Signed Idempotent Action Links

If you're running any kind of service that uses e-mail as a communication method (which is just about everyone) and you want your users to be able to take some kind of action from the email (as just about everyone does) then you should be using Signed Idempotent Action Links. Now I know what you're thinking, "Signed Idempotent Action Links? But EVERYONE knows what those are!". I know, but here's a refresher anyway (ok so I made up the term, but it's descriptive!).

They are links that perform an action (such as "Delete this comment" or "Add this to my favorites") with an included signature (that associates the URL to a specific user and verifies parameters) and are idempotent (meaning that accessing them multiple times will end in the same result). In a nutshell, they are URLs that you can click through from an email and they perform a desired action:

  • whether or not the user is signed in
  • without any additional button presses or clickthroughs

So now that we've gone over what we're dealing with, why would you want to use them? Well, because not everyone is logged into your service when they're checking their email. In fact, if they're checking it from a smartphone or a public computer they most likely aren't logged into your service unless you're Facebook. It is the friendliest way to allow your users to perform simple actions through email.

Calm Down, Security People

Of course the reason not to use SIAL is that if a link can perform an action without requiring a login then, well, anyone can perform that action if they have the link. Very true! However, this problem is not enough to completely bar the use of SIAL because:

  1. These links are being sent to people's email accounts. If your email account has been compromised, you're already in way more trouble than SIAL can give you.
  2. Developers can counter this issue by making any SIAL action reversible. Have a "Delete" link? Make sure you have an "Undelete" function in your app somewhere.
  3. Convenience trumps security for many applications. Sure, don't use SIAL to initiate wire transfers or for anything that costs money, but most applications have plenty of non-world-ending actions that can benefit from instant access.

How to Use SIAL

There are two important things to consider when using SIAL:

  1. You MUST be able to verify any actionable content in the URL.
  2. You SHOULD only allow the single action via the SIAL URL. Do not log the user in from a SIAL action.

So, how do we implement something like this? Well, it's really quite simple. Here's a method similar how it was implemented for First, we create the means to sign an action in a User model:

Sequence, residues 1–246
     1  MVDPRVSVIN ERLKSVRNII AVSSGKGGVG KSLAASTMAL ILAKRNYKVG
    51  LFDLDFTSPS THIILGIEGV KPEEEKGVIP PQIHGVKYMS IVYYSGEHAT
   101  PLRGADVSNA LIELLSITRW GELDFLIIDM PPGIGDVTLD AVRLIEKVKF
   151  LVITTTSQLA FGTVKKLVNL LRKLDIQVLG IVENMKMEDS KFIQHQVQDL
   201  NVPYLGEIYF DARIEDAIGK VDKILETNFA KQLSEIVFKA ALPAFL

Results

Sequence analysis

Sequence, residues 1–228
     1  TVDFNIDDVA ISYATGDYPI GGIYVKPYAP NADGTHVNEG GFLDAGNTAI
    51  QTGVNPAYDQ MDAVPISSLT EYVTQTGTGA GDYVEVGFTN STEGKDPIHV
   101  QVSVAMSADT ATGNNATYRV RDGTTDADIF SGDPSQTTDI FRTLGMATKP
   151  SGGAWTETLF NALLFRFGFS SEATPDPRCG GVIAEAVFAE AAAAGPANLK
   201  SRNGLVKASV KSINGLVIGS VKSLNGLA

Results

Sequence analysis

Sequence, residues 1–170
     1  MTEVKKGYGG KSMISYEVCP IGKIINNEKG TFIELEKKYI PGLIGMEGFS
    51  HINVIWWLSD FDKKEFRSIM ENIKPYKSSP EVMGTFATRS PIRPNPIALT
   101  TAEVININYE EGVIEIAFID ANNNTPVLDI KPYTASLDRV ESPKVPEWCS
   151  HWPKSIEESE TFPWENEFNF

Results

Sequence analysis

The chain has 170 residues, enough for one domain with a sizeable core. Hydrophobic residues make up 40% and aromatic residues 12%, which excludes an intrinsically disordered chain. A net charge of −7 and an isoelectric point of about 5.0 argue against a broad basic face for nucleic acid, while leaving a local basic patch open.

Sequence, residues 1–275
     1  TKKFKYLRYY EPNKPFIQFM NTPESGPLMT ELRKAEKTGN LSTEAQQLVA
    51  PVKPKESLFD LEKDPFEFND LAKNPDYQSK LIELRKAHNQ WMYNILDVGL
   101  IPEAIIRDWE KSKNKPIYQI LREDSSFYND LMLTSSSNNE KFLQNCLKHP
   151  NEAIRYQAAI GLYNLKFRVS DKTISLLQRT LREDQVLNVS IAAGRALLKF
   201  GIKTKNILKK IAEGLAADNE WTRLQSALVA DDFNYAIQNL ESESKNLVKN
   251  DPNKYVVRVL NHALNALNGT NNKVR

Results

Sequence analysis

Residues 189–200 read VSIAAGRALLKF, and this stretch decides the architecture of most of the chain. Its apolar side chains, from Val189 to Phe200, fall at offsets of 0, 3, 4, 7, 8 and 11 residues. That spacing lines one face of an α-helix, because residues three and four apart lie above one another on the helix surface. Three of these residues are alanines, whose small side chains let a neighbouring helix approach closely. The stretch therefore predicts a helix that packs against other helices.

require 'digest/sha1'  class User   # ...    def sign_action(action, *params)     Digest::SHA1.hexdigest(       "--signed--#{id}-#{action}-#{params.join('-')}-#{secret_token}"     )   end    def verify(signature, action, *params)     signature == sign_action(action, *params)   end end 

What we're doing here is creating a SHA1 hash of a string that is built using a known formula and includes all of the elements needed for the action:

  • id is the id of the user
  • action is the name of the action that we're taking. For Qup the action might be queue, watch, or view.
  • params are any additional parameters that alter the outcome of the action. Again, for Qup this could be the id of the title to queue, watch, or view.
  • secret_token is a unique token for the user that is not shared publicly anywhere. You can generate this using SecureRandom or find another way to implement a secret token. This should not be something like a user's password hash as it should not be determinable from any info a user would know.

So now that we have these methods for our user, how do we go about creating the actual URLs that we'll be using? Well, if we have a simple Sinatra application we can do it like so:

helpers do   def authenticate_action!(signature, user_id, action, *params)     @current_user = User.find(user_id)     unless current_user.verify(signature, action, *params)       halt 401, erb(:unauthorized)     end   end    def action_path(user, action, *params)     "/users/#{}/#{action}/#{user.sign_action(action, *params)}/#{params.join('/')}"   end end  get "/users/:user_id/favorite/:signature/:item_id" do   authenticate_action!(params[:signature], params[:user_id], 'favorite', params[:item_id])   @item = Item.find(params[:item_id])   current_user.favorites << @item unless current_user.favorites.include?(@item)   erb :favorite_added end 

As you can see, all we're really doing here is:

  1. Creating a helper that will display a 401 unauthorized message if the signature provided in the URL does not match the proper signature for the provided user.
  2. Creating a helper that will help us to generate URLs for our actions.
  3. Showing an example of how one such action could be built.

Notice that in this example I am making no use of session variables or any kind of persistent state. In fact, you should make sure that you ignore all such variables. If another user is signed in at the moment, the link should still work for the signed user.

One other thing to notice is that the item is only added to favorites if it isn't already there. This gives the action idempotence: whether you run it once or 100 times the result is the same, making sure that the item is in the user's favorites.

SIAL is not a technique that you will use in every instance, but the benefits for the user can be big in terms of convenience, and it's often the small conveniences that make a big difference when developing software that people love.

If you liked this post (or didn't) and you use Netflix Instant, go check out Qup and get email alerts (with Signed Idempotent Action Links) when new titles are added.